Psychosocial Factors and Behaviors in African Americans: The Jackson Heart Study. Academic Article uri icon


  • There are limited reports on the association of psychosocial factors with unhealthy behaviors, which are key mediators in the psychosocial-cardiovascular disease pathway. The Jackson Heart Study was used to examine the associations of multiple psychosocial factors with behaviors among African Americans.The Jackson Heart Study is a prospective, cohort study of cardiovascular disease among African Americans recruited from the Jackson, MS, metropolitan area between 2000 and 2004. Between 2015 and 2016, multivariable regression was used to analyze the cross-sectional associations of baseline negative affect (cynicism, anger-in, anger-out, and depressive symptoms) and stressors (global stress, Weekly Stress Inventory-event, Weekly Stress Inventory-impact, and major life events) with the odds of current smoking and mean differences in dietary fat intake, physical activity, and hours of sleep.Men were more likely to smoke than women (p<0.001) and had higher physical activity scores (p<0.001). Women reported more hours of sleep (p=0.001). In fully adjusted models, each negative affect and stress measure was significantly associated with an increased odds of current smoking. For example, the odds of smoking increased by 14% for each 1-SD increase in cynical distrust score (OR=1.14, 95% CI=1.01, 1.27) in the fully adjusted model. Further, each negative affect and stress measure (except anger-out) was significantly associated with fewer hours of sleep in fully adjusted models.Using a large sample of African Americans, this study found that multiple psychosocial risk factors were associated with unhealthy behaviors that are prevalent among this population.Copyright © 2016 American Journal of Preventive Medicine. Published by Elsevier Inc. All rights reserved.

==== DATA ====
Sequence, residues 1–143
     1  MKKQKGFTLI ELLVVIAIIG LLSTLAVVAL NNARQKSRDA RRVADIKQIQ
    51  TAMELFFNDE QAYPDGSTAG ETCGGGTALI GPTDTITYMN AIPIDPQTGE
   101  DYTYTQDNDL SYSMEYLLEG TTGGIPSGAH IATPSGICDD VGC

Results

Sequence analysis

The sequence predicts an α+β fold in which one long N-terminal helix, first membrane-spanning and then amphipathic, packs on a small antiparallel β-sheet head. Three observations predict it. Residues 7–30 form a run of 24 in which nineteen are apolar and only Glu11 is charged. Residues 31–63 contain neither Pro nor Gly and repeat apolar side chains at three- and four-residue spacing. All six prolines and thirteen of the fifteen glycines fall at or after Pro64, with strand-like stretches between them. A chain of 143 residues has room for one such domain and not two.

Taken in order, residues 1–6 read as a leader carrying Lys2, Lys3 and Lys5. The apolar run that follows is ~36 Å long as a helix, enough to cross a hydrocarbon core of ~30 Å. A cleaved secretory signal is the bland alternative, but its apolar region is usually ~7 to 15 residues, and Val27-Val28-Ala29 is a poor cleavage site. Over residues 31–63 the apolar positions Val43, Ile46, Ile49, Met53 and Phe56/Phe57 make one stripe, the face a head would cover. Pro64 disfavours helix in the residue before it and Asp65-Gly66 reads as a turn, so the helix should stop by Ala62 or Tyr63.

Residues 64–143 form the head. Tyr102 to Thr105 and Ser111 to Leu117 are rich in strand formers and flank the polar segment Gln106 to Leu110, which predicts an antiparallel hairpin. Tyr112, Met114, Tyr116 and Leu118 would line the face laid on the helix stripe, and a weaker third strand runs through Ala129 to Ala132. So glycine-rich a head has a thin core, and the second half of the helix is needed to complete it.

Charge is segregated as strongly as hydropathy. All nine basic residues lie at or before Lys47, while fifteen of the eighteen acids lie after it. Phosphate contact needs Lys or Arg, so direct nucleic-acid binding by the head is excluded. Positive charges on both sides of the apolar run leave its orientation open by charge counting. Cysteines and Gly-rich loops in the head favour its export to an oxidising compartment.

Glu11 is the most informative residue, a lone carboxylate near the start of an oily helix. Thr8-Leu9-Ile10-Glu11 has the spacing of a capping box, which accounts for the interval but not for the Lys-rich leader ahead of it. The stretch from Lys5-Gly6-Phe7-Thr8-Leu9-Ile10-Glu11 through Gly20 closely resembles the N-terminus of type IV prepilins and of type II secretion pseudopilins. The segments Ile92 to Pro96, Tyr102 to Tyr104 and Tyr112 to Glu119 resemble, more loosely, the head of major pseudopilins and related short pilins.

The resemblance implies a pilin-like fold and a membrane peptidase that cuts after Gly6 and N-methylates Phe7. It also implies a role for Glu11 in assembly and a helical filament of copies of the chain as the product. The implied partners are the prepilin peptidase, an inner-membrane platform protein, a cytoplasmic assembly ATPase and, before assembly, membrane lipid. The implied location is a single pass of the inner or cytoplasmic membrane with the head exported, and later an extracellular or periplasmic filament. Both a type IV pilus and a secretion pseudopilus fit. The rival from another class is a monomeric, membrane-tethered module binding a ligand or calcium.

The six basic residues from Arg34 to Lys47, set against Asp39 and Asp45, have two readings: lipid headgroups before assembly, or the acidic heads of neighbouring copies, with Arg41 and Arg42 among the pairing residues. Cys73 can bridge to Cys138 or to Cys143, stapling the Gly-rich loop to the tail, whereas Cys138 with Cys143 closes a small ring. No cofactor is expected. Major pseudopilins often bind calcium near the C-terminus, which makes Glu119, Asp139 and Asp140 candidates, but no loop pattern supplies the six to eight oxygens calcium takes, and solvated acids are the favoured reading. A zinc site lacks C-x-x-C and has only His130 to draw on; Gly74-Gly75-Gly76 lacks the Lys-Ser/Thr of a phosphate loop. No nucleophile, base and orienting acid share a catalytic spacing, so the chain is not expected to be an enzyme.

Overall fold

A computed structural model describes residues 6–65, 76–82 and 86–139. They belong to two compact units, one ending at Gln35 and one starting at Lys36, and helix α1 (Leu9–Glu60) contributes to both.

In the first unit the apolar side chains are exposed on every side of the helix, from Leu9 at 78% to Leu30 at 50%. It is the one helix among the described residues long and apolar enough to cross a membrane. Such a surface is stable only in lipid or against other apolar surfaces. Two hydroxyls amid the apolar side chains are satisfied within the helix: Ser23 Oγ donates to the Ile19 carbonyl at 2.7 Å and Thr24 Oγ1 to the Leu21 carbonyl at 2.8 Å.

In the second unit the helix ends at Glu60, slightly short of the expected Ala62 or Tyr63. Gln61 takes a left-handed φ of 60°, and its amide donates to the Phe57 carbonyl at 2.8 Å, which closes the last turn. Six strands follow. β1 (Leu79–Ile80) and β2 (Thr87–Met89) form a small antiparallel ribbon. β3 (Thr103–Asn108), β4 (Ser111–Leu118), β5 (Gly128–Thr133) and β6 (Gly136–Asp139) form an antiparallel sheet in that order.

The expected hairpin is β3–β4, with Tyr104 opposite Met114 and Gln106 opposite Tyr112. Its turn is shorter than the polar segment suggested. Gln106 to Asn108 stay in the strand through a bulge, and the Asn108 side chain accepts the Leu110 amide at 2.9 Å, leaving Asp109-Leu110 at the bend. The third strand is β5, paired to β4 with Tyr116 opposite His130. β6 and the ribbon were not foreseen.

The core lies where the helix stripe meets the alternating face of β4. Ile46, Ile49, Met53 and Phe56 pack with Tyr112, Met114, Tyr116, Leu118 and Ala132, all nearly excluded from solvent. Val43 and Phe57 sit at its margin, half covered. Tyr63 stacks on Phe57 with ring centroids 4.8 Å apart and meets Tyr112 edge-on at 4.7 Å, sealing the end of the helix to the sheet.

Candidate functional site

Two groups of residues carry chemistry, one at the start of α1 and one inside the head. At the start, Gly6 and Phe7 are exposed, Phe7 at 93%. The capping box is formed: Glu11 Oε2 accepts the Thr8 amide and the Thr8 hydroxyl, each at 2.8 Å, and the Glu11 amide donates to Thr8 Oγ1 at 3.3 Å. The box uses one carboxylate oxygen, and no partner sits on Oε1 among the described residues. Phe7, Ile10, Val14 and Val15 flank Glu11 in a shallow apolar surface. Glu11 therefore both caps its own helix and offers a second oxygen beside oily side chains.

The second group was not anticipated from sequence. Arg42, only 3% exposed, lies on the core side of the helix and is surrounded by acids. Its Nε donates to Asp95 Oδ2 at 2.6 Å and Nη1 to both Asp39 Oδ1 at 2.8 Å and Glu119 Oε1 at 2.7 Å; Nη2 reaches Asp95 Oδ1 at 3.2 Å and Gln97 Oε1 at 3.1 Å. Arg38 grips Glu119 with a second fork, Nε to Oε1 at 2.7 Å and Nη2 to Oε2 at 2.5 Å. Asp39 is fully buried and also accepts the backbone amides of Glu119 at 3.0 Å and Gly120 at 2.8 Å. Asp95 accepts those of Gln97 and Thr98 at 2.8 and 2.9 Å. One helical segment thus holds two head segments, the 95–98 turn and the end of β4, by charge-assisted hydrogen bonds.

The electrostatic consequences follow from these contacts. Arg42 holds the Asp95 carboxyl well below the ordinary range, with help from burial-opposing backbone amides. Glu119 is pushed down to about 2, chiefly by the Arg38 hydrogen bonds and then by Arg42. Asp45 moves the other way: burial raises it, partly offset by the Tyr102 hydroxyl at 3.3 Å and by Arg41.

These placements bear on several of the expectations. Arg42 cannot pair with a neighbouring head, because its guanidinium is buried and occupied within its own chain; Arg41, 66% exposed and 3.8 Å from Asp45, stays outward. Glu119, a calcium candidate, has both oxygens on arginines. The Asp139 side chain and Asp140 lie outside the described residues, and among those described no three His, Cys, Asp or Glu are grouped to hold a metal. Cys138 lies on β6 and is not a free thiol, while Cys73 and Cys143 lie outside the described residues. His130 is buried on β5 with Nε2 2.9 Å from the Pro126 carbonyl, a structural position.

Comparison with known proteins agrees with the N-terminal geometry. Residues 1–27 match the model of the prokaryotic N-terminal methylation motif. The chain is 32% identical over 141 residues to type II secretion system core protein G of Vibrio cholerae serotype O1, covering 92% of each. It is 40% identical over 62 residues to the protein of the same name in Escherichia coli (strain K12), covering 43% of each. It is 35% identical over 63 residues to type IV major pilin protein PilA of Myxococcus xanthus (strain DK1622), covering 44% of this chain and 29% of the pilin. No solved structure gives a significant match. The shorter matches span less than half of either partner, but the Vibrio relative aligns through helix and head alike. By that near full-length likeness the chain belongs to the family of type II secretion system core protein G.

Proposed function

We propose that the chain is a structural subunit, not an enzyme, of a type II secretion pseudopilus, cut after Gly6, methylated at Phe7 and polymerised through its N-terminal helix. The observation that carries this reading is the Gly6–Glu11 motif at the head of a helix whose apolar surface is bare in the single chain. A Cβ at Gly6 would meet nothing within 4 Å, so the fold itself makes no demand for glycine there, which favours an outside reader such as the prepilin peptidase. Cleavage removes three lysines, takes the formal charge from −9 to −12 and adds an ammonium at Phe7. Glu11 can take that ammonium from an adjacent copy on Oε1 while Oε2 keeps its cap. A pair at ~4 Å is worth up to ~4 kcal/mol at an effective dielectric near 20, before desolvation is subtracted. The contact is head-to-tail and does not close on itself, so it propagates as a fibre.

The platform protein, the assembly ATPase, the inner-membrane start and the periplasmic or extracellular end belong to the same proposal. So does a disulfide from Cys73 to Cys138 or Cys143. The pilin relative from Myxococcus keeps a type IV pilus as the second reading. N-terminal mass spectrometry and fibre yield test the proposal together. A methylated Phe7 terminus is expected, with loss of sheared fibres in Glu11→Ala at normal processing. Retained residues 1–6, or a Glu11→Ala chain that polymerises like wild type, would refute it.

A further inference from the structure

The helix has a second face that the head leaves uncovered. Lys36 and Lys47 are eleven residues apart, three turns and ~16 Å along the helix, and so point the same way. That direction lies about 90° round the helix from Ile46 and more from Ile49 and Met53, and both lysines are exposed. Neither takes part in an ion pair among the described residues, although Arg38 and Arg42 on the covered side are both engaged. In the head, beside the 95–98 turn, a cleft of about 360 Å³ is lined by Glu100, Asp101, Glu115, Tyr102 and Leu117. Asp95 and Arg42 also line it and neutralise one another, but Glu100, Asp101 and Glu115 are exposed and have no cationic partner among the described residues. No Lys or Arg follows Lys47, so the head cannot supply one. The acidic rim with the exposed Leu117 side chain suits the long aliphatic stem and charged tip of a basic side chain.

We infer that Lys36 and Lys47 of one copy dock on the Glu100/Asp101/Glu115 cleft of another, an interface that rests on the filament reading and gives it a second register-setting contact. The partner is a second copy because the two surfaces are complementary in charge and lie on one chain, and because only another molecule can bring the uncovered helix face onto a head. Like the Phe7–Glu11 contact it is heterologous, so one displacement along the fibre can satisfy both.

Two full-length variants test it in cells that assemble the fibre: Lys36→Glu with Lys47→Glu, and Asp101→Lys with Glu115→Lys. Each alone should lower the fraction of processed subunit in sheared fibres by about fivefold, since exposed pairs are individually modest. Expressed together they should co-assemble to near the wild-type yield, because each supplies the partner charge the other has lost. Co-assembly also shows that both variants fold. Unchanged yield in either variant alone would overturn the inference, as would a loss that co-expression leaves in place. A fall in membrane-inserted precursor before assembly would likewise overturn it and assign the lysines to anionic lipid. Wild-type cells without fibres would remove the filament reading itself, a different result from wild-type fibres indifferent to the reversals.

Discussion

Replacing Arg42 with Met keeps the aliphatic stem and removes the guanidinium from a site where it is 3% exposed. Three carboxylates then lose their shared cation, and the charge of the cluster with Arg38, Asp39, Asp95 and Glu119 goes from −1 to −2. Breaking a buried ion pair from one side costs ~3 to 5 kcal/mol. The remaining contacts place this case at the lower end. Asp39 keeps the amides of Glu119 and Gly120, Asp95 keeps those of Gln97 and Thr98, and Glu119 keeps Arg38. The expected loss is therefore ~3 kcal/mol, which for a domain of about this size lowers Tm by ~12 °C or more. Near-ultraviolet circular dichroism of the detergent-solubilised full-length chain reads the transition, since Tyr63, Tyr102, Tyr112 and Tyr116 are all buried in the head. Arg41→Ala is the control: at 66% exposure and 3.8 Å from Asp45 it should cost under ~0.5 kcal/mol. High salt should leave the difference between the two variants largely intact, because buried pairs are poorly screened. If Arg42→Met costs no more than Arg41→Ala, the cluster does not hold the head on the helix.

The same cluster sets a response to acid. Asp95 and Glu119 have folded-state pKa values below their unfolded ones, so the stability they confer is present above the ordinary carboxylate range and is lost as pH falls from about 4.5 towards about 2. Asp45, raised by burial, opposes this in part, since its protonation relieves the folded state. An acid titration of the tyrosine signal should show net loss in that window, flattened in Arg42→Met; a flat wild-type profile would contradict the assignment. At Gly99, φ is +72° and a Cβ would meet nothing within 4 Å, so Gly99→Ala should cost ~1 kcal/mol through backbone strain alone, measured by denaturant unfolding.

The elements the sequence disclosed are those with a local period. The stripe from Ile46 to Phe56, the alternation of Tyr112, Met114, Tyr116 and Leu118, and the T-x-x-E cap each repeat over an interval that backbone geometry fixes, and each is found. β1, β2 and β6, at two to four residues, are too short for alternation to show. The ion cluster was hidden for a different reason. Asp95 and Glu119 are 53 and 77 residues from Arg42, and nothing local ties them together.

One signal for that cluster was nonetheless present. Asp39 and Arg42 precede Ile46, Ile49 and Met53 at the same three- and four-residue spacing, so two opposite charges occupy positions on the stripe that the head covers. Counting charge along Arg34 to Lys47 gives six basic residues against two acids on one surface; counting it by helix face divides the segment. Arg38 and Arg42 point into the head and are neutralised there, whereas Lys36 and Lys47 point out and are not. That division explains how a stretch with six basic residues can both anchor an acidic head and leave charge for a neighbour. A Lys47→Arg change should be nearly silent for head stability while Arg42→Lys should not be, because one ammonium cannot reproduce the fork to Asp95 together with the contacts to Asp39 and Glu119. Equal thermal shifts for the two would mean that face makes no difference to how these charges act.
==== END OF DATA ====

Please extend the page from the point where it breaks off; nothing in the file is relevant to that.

publication date

  • January 2017